Hiring employees

Discussion in 'Lawn Mowing' started by maple city, May 23, 2002.

  1. maple city

    maple city LawnSite Senior Member
    Posts: 305

    We are a 3 year-old company. My husband and I do all the mowing. He's a full-time firefighter, so we schedule our mows around his work schedule. It has worked pretty well so far, but we are growing and we are on the brink of needing to hire another person. It will be someone to do the mowing while I trim and blow.

    I am nervous to hire people becuase we have worked very hard to get our equipmet and get a good business going.

    I just wanted to get thoughts of people who have been in this position. I'm going to be able to offer 8.00/hour. Can I get a quality person for this? What experiences have you had, and what do you look for when hiring?

    I'm trying to stay away from hiring family or teenagers. And I will not (tyring to be politically correct here) hire people who are not American citizens.

    :confused:
     
  2. Brickman

    Brickman LawnSite Bronze Member
    Posts: 1,249

    Good luck!!!! After 3 or 4 seasons of only being able to find losers I am working solo this year. And turning tons of work down.
    I can tell you that at $10 an hour you won't find good help either. So it wasn't because I was paying too little. Good help is very few and far between.
    The ones I have had did their best to piss off the customers, destroy my equipment, be late for work, talk all day on the cell phone and when they ran out of ideas for the above activities they would half azz what little work they did do.
    A lot of my customers only stayed with Brickman Lawn Care because I always worked on the job to make certain things looked as good as I could rectify after being screwed up, and that I was there and they didn't have to deal with the loser. I have good equipment and a bunch of good customers (not all of them, but most of them are), and decided that I didn't need to be losing either with out a fight.
    Again I say good luck to you.
     
  3. Jason Pallas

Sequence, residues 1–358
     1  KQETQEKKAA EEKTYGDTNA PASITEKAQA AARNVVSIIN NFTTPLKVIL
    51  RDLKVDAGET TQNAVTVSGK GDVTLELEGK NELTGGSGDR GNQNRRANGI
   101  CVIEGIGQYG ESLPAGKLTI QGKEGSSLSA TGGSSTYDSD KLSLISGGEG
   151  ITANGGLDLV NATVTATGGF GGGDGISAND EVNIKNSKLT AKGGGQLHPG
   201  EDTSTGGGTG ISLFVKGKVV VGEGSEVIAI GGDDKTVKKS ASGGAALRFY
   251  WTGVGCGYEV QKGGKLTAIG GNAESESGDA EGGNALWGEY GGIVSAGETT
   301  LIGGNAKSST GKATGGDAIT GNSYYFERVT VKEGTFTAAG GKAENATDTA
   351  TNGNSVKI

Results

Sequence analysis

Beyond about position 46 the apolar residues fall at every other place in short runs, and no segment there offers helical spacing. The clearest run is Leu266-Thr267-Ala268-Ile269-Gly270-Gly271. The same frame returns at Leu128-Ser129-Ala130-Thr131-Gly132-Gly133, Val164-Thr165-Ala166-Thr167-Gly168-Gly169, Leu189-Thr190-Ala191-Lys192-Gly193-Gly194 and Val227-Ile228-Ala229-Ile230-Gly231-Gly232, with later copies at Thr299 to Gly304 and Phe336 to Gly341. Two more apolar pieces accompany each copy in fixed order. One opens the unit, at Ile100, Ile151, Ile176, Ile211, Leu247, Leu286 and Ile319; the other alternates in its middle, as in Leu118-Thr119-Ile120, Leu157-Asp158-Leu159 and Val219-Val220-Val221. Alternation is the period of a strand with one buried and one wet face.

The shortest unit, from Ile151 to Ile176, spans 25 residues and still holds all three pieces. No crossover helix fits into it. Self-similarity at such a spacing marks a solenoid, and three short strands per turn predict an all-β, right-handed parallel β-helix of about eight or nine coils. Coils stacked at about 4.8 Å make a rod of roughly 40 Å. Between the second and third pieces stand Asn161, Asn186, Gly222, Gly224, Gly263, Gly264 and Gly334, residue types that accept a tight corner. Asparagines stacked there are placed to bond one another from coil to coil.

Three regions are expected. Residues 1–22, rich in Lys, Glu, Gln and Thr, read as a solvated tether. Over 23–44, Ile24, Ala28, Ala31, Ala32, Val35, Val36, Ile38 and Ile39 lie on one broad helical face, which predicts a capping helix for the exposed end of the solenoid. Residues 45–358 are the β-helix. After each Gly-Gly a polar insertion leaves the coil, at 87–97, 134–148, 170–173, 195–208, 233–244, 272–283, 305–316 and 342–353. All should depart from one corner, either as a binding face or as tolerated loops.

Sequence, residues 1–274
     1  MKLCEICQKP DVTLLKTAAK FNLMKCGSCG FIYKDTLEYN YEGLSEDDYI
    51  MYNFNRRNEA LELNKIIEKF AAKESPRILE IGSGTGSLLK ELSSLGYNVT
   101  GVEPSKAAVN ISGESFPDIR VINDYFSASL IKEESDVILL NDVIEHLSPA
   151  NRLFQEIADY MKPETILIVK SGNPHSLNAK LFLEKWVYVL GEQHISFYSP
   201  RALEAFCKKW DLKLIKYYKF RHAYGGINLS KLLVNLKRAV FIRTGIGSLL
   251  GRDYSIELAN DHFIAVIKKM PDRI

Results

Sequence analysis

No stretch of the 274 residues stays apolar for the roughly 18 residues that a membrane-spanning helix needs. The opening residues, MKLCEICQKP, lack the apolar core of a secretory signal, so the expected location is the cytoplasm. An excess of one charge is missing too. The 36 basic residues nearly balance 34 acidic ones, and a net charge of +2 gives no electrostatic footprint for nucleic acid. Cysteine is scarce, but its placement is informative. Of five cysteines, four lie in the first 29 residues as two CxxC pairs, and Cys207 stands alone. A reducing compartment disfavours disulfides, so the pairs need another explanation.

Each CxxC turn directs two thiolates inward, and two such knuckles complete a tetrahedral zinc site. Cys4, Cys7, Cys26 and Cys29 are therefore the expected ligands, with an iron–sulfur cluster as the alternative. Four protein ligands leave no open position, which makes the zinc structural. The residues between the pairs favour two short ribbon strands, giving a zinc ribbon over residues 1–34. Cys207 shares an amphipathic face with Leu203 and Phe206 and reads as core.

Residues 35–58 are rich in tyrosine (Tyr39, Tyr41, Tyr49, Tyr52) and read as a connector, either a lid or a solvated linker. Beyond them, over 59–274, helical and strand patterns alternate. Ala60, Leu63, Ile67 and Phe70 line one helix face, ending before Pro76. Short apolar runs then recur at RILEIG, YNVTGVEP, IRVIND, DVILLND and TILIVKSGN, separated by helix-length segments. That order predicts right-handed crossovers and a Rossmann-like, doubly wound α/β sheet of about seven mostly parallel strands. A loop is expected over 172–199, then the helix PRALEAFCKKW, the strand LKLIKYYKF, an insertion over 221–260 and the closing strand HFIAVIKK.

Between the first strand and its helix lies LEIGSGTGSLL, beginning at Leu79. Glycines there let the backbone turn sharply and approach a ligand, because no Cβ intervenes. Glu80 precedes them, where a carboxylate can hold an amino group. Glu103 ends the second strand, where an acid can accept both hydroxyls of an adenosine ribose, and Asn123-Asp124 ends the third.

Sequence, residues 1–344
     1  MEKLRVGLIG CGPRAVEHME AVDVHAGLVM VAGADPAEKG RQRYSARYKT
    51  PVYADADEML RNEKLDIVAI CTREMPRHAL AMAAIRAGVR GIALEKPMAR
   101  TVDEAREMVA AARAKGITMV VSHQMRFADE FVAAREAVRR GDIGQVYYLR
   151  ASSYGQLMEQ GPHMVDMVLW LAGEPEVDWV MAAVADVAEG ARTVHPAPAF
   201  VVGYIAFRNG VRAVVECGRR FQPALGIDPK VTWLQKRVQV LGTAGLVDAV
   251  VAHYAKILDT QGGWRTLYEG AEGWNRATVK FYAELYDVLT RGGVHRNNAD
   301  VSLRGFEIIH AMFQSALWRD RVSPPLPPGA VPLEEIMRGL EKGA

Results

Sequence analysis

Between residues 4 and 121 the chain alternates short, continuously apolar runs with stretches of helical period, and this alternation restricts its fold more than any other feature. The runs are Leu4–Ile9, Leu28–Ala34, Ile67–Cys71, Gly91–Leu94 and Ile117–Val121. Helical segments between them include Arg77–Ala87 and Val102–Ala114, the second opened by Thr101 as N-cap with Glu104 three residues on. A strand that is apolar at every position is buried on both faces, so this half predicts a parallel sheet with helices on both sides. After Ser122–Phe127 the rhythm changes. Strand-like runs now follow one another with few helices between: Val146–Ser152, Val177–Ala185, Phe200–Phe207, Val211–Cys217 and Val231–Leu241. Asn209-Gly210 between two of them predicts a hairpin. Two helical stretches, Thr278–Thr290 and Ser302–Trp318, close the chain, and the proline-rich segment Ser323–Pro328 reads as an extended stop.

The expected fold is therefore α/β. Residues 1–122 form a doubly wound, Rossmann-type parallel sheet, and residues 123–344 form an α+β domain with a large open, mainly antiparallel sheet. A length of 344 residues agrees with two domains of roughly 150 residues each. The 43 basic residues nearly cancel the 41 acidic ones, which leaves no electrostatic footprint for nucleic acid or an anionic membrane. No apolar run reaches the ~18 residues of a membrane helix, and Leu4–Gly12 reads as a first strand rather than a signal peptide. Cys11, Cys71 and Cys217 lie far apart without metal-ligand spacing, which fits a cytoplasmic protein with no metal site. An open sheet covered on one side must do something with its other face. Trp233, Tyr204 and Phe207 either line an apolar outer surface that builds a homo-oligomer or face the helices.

Jason Pallas LawnSite Bronze Member
    Posts: 1,325

    Right now is a great time to hire in. $8 an hour should get you lots of response. I've been doing this for 20+ years and have 9 fulltime employees. This year is the best I can remember for employees - because of the economy, good employees area a dime a dozen. It certainly hasn't always been that way though.
    I've got guys with lots of experience - calling nightly to beg to work - and my employees know it (it keeps them in line!).
    Just the other day I fired a guy for missing 2 days (no call/no show). I made one phone call and within 10 minutes I had another guy pulling into the lot ready to replace him and thanking me for the chance at a job. Needless to say the other employees quickly realized that they'd be fools to screw up and loose their jobs here - there's too many people waiting to take 'em.
    You'll have no problem finding some responsible guy that has lost his job and has bills to pay and will be happy to have a job and work hard for you in this economy. Good luck.
     
  4. mikeupstNY

    mikeupstNY LawnSite Member
    Posts: 3

    GOOD LUCK, I know I need some. If I could hire the right people my days would be full of joy and Money. I have some good people but we work up scale residential and most employees seem sloopy. Nice guys but not detail oriented, wage seems unimportant I have offered $12 TO KEEP TRAINED PEOPLE. most would prefer to do light duty for a lighter wage or only work less hour. That aside its been a great May.
     
  5. wolfpacklawn

    wolfpacklawn LawnSite Member
    Posts: 120

    I know you said you wanted only American citizens but I have found that legal immigrants from south of the border work very hard, are happy to work for $8, and have been some of my best workers. I have two this year and both are reliable and do a good job. Notice I said "legal immigrants."
     
  6. LawnLad

    LawnLad LawnSite Senior Member
    Posts: 738

    Having employees work for you is a decision that you have to embrace if you decide to take that step. It means changing things in the company to focus on their development. You need to have an employee manual that at a minimum sets some standards to make your life easier. Even if you only have one employee... it answers all the questions. As well, be careful about talking business while out doing the work. This will drive you nuts. If they want to talk about their pay, their hours, their needs, etc., tell them they'll have to schedule an appointment with you after working hours so you can give them your full attention. You have to be an enforcer... but at the same time, you'll constantly be picking and choosing the battles you have to fight. You can't fight them all. And rarely will you find an employee who does the job as you would.
     

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